It’s chrysalis time at Golden Gate – a metaphor for the sheltered state when caterpillars transform into butterflies. It’s a transitional phase when structures are undefined and un-presentable. It’s messy for a while when the old form drops away to make room for a new expression of life. Chrysalis literally means “gold sheath”- when a shell or casing breaks open to free a butterfly’s wings.
Removing the Layers
I lost sight of the beauty of Golden Gate during the first three months of her demolition as I painfully witnessed the removal of a century of smashable timeworn layers – one by one.
First, the withdrawal of foggy-paned, decaying windows and doors, leaving gaping rectangular holes in every room. Next, the sound of scraping the thick crumbly sheath of lath and plaster off interior walls into musty piles.
And finally, the crew’s Herculean efforts slinging crowbars and sledgehammers to extricate the cracked and crusty, dirty white stucco shell clinging to the exterior surface.
But OMG – we sensed the antiquated framing beneath the layers was speckled with damage, but who knew it was shellshocked?
I was staggered by what our historic home looked like in such an exposed state. So, I pulled out photos I had previously taken of the interior rooms and began daydreaming. I visualized creating a feeling in each room that nods to the structure’s Spanish Revival roots yet looks current, fresh, ancient and edgy – if that’s even possible.
The Family Room
Take a glance at how the rooms looked before the decimation and what they look like now as the process unfolds. The family room, a favorite space off the kitchen, has a tiny arched brick fireplace at one end and French doors with a balcony at the other. I envision Spanish-inspired library shelves stacked floor to ceiling and above the French door to hold books.
The floor in this room is sloping 4″ to the west because the foundation is subsiding. In preparation to remedy this issue, our amazing crew removed the French doors, lath and plaster, then lighting plus ceiling and floor materials. The room was braced with sturdy diagonal 2″x 12″ beams to keep the walls from falling while the house is leveled.
The Great Room
Some of the double pane door panels fogged on the bifold wooden doors we installed twenty years ago in the dining and living room. This large space will have a pair of arched brick fireplaces at either end, with a 16′ wide opening to the terrace.
Here’s an image of the great room torn down to the studs without the previous bifold doors. A layer of sand remains on the terrace after the 100-year-old bricks were removed. I enjoy looking through the sizable orifices in each room now, that beautifully frame the unobstructed views.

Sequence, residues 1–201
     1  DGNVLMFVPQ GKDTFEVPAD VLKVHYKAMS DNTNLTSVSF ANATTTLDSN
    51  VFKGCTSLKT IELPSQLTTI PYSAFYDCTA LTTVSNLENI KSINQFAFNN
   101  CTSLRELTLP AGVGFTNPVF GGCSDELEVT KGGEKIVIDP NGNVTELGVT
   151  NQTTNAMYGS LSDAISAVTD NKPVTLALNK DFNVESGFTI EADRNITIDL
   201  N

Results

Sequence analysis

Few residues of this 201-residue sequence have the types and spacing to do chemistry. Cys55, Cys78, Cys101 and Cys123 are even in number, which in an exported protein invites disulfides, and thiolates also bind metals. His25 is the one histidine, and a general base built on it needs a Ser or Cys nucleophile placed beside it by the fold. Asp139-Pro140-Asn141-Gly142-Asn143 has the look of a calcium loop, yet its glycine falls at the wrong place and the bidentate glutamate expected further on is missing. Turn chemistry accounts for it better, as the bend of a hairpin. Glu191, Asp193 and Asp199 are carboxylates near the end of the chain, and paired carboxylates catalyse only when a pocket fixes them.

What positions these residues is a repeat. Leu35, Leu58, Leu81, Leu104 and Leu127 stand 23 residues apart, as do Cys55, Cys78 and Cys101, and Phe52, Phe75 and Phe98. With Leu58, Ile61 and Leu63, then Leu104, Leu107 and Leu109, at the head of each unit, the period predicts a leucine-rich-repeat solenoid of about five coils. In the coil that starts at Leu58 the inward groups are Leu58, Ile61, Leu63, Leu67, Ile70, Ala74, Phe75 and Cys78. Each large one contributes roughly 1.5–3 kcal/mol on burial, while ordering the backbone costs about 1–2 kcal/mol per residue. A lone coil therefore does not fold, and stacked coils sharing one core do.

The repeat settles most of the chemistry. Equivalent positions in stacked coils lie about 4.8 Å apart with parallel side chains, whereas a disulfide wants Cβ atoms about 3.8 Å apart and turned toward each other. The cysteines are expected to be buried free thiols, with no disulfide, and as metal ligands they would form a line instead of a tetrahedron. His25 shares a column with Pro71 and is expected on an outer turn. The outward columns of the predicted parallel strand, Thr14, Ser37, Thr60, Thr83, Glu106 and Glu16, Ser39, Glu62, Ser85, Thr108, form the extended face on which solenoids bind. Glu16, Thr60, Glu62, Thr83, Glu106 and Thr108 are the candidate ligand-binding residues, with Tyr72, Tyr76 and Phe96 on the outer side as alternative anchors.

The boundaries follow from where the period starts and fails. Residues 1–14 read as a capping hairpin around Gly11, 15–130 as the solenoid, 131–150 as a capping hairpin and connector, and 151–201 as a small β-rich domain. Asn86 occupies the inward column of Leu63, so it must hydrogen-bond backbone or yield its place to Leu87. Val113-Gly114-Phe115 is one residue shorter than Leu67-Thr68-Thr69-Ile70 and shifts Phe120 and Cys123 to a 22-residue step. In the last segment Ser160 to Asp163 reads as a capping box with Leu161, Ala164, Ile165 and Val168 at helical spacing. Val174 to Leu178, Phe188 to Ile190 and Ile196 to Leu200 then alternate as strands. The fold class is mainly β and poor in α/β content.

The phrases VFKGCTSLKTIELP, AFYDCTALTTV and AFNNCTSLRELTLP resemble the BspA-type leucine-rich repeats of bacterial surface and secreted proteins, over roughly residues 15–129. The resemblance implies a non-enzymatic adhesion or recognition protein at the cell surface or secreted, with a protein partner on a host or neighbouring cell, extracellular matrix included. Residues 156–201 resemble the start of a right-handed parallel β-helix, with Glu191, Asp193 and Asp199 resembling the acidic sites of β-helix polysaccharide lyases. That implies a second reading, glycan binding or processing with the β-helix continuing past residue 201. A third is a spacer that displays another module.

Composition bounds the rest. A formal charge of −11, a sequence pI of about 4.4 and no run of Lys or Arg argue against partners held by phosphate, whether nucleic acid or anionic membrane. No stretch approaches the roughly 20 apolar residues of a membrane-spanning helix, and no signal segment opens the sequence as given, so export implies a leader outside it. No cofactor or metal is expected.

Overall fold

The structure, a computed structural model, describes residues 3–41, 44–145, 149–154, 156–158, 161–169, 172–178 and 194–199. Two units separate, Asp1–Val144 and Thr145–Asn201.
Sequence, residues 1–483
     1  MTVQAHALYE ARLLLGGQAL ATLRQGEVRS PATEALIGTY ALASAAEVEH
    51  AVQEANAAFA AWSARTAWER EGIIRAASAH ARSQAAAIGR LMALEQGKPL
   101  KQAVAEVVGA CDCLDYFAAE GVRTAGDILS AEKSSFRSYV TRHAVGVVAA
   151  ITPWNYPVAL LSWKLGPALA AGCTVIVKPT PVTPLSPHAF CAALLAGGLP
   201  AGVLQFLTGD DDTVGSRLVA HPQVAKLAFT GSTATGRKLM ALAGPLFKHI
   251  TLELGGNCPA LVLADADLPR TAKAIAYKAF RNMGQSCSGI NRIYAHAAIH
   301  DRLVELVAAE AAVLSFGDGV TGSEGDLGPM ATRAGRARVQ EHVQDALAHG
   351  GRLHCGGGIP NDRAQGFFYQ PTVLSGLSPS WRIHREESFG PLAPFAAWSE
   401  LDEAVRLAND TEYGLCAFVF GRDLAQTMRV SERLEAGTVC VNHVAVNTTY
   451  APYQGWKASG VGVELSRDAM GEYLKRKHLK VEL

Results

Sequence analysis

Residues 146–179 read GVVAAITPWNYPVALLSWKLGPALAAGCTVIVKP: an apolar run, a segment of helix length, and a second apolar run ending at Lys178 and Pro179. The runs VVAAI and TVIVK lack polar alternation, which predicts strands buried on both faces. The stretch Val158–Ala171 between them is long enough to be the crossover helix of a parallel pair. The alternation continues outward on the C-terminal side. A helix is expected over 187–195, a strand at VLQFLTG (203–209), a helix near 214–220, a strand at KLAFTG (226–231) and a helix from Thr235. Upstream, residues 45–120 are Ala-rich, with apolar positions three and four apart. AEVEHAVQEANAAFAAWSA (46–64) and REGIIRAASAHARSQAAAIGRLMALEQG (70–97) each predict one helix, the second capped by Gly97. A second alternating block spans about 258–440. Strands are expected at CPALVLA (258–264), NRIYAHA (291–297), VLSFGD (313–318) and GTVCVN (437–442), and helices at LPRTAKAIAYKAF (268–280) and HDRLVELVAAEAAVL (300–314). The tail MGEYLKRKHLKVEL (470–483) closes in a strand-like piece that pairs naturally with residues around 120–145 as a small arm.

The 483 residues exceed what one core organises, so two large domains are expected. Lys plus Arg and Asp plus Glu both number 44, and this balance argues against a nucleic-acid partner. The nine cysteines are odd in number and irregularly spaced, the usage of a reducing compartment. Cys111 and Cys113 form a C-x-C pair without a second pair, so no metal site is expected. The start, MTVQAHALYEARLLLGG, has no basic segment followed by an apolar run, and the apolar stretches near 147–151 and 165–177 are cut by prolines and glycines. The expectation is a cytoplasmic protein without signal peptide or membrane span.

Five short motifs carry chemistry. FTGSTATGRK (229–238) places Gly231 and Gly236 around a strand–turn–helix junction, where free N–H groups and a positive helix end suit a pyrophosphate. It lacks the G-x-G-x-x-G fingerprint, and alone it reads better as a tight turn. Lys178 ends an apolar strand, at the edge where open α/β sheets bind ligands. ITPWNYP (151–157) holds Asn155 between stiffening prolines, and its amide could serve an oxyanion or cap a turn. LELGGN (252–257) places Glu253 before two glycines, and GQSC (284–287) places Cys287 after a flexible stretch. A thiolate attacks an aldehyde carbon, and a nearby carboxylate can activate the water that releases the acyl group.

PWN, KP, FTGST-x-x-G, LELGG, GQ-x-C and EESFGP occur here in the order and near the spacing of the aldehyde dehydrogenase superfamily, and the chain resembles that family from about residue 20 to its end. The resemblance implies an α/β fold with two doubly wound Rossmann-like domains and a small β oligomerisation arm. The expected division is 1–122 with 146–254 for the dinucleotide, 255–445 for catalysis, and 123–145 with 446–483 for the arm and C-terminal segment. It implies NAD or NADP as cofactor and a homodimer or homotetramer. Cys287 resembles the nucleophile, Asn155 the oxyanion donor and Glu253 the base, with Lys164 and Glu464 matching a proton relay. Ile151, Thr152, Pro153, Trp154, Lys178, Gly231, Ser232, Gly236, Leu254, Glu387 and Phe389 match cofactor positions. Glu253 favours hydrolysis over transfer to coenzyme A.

I have never featured the tiny Golden Gate kitchen in my blog, although it is quaint with a rustic terracotta tile floor, old fashioned yellow cabinets and authentic antique hardware. But the dated, black double wall ovens, dishwasher, funky cooktop and cheap microwave above, scream obsolete. We removed the wall between my runty former office and the miniscule kitchen to make room for a larger stove, two small refrigerators and friends who like to cook.
The beam will be removed, and the ceiling height raised from 7′9″ to 8′9″. There will be a 9′ long bank of windows measuring 62″ high from the kitchen counter to the ceiling. The view is west to the hills of Sausalito and the Bay.
The Upstairs Bedroom
Once the primary bedroom, this space will become a combination guest room and upstairs office for Marshall. We’re raising the height of the French door and replacing the archaic windows. Marshall’s desk will sit in a niche carved out of the large connecting closet on the opposite side of the room.
You may recognize this image from the last blog, but it’s the only one I have that shows what this room looks like now. Once again, the slanted bracing beams and vertical posts at either end will stabilize this room while we replace the foundation.
The Upstairs Bathroom
Unlike other rooms, this image was taken before the decorative elements were detached. The old leaded windows will be replaced, and a rustic wooden beam installed at the peak of the ceiling.
The slanted ceiling you see in the image below will stay intact but the floor and sidewalls will be removed. Ultimately, guests will enter through the original front door on the main level to encounter a two-story foyer with stairs leading to a second level balcony below the slanted ceiling pictured below.
A Heartfelt Thanks
I appreciate you bearing witness to these “before and after” rooms. I’m grateful the blog forces me to track the process through its topsy turvy paces, undoing the exterior and interior structures of our old-world home.
It will be a while before the caterpillar turns into a butterfly, but I hope you will join me as the chrysalis process unfolds. Your comments invigorate me through this ragged, untidy and chaotic chapter of resurrecting the long-standing grace and beauty of Golden Gate. Thanks to all of you for your support!